Directed by Jason Reitman and written by first-timer Diablo Cody (Ed. note: she won the Best Original Screenplay Oscar for this movie), Juno is all about Juno MacGuff (Page) and the impact her decisions regarding her soon-to-be born child will have on her life and the lives of those around her.  Juno’s a quirky and somewhat crass girl, and there’s no indication exactly how she came to be that way based on the level-headedness of her father Mac (Simmons) and her step-mother Bren (Janney).  Her best friend Leah (Thirlby) is somewhat odd, but only if you find the idea of a high school girl who is horny for her teachers an odd thing.  Nowadays, that sort of thing is such a regular occurence that Britney Spears’ 16-year-old sister can get knocked up by a producer on her TV show and there isn’t too much outrage.  Well, aside from the religious right that I’m not a part of that is.

The comparison has to be made, so here it is: yes, the character of Juno is so reminiscent of Napoleon Dynamite that they might as well have titled the project Joséphine Dynamite.  Juno and her family life aren’t nearly as strange as the Dynamites were, but she’s definitely not what anyone would really consider to be a “normal” teenage girl character in the movies.  The structure of the film is slightly comparable to Napoleon Dynamite, but only real idiots would say that it’s a rip-off of the movie.  Sure Michael Cera’s character of Paulie Bleeker is an awkward high schooler, but it’s Michael Cera for god’s sake.  He essentially plays the same awkward character in every movie, just with subtle nuances added or diminished depending on the genre of the project.

It’s funny that I watched Juno almost right after I watched Waitress, as the characters played by Ellen Page and Keri Russell in both films are startlingly similar.  In my books, Russell deserves an Oscar win for her performance, and I think Page will probably have to settle for a nomination (Ed. note: she was nominated, Keri Russell wasn’t).  A lot of critics have been comparing Juno to last year’s Little Miss Sunshine as the feel-good movie of the year, and while I do see it, I don’t necessarily agree with it.  Sunshine was an ensemble cast performance extraordinaire, whereas Juno is pretty much a one-girl show.  Page is awesome, but the overall feel of Juno is too uneven for it to be considered as an excellent movie.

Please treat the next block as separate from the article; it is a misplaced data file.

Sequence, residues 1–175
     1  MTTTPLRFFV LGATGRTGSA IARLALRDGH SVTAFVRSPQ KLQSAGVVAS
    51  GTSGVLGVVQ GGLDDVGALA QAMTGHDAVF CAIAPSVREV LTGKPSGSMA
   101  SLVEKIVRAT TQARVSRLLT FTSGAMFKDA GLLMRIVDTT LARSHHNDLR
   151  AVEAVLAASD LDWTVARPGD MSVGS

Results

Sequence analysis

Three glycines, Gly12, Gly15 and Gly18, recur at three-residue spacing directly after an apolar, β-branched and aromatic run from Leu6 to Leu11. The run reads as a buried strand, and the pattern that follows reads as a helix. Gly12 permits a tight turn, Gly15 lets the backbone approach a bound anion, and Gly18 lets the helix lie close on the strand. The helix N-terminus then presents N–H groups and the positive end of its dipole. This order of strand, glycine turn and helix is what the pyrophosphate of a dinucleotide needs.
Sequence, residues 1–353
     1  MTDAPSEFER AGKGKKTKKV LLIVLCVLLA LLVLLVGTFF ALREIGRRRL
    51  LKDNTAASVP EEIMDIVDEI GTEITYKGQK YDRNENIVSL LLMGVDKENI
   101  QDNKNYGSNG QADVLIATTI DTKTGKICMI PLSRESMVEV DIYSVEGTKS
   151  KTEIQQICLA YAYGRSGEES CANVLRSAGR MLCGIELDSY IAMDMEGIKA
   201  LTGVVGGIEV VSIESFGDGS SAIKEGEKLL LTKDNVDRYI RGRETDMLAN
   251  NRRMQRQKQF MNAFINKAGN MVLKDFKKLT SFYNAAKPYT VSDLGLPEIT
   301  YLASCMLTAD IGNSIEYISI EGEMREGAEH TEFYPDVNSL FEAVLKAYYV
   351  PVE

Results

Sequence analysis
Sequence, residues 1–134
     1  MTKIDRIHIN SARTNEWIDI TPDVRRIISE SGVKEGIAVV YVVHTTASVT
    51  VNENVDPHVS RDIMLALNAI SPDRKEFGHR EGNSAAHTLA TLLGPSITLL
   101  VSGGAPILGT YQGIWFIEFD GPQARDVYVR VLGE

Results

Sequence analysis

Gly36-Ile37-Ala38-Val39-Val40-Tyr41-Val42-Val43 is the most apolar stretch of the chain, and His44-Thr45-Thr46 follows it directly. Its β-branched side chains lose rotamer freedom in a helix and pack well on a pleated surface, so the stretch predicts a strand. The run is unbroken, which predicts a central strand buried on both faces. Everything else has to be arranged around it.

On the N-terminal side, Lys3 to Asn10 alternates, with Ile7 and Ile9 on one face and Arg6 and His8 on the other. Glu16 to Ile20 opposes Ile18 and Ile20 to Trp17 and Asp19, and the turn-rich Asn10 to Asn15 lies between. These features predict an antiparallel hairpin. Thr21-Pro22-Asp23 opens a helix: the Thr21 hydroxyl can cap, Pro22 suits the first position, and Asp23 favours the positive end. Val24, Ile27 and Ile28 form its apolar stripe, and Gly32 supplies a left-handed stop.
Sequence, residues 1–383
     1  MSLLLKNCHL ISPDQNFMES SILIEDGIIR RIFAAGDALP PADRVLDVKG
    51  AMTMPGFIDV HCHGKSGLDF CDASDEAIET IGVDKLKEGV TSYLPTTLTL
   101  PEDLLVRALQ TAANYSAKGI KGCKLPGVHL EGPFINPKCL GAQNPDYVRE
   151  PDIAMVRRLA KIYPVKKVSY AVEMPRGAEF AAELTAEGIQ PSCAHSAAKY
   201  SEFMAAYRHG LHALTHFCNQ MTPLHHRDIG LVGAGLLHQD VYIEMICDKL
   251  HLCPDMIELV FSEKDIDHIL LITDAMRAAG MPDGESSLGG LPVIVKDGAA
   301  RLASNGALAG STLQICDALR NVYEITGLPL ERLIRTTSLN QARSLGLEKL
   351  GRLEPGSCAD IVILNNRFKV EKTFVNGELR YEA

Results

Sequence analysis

The supporting cast of Juno is tremendous, especially with the way the characters of Allison Janney and J.K. Simmons’ parents are written and the real way they’re portrayed.  Jennifer Garner is surprisingly top notch as well, same with the patented Michael Cera performance.  Jason Bateman was probably the highlight of the movie for me, to the point where I actually sympathized with the decisions his character made and was kind of angry at the movie for almost manipulating me into viewing him as a villain-type.  True, his actions aren’t of the typical good guy variety, but I can honestly see where his character was coming from.  In the end, Juno is a very good movie, and just slightly short of true greatness.

4 / 5

Ghosts of Girlfriends Past (2009)

Did the world really need a new re-imagining of “A Christmas Carol”?  I say nay, but I control nothing, so instead Ghosts of Girlfriends Past makes a staggering $102 million worldwide and movies like Kiss Kiss, Bang Bang fly under Joe Multiplex’s radar.  It’s really not fair to compare those two films as they are vastly different but dammit, I just read that total gross and was furious!  FURIOUS I tell you.

One of the most off-putting aspects of GFs Past is that at least two of the ghosts aren’t exactly ghosts at all, unless Emma Stone’s character died some weird death that was 1) unexplained or 2) glossed over because who wants to think about that when we’re putting Matthew McConaughey and Jennifer Garner together! or 3) she wasn’t exactly dead but that would require more exposition.  Fuck exposition in a rom-com!

I don’t know what to tell you, the leads pull off their parts alright, some of the supporting cast are decent, and some are probably embarrassed to have been roped into the movie, but hey, MONEY!

2 / 5